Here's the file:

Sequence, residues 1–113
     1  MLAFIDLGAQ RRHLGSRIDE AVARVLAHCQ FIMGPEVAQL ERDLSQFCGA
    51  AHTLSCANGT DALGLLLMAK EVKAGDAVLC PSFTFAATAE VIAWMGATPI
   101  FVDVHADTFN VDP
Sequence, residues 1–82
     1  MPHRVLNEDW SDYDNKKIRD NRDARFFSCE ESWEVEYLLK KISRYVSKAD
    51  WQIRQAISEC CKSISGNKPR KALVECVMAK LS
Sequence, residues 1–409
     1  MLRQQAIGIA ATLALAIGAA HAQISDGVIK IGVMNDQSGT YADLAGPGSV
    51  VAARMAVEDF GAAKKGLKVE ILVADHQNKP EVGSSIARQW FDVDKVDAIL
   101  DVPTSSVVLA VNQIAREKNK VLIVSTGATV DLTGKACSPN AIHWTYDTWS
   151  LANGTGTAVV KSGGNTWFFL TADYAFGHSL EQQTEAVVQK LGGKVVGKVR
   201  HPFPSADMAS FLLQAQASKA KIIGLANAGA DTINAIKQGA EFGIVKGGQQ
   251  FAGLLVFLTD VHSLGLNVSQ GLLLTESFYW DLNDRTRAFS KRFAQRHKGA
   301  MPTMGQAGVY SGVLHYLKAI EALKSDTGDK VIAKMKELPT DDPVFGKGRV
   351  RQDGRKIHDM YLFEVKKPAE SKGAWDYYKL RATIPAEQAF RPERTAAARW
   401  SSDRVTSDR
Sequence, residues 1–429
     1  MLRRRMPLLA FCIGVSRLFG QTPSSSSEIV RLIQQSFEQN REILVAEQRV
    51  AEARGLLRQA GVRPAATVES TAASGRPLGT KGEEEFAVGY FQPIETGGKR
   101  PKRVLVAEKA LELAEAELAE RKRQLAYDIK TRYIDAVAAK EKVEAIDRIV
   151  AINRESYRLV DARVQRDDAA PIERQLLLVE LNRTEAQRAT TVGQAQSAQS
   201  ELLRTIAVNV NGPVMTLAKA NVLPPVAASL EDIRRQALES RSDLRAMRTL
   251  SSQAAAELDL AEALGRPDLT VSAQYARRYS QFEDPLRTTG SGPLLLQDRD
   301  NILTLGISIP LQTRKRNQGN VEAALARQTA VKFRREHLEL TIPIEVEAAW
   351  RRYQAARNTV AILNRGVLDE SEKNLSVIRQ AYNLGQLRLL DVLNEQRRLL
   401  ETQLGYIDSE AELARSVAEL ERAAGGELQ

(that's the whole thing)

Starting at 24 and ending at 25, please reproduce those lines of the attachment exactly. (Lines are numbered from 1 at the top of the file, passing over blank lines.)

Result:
   251  SSQAAAELDL AEALGRPDLT VSAQYARRYS QFEDPLRTTG SGPLLLQDRD
   301  NILTLGISIP LQTRKRNQGN VEAALARQTA VKFRREHLEL TIPIEVEAAW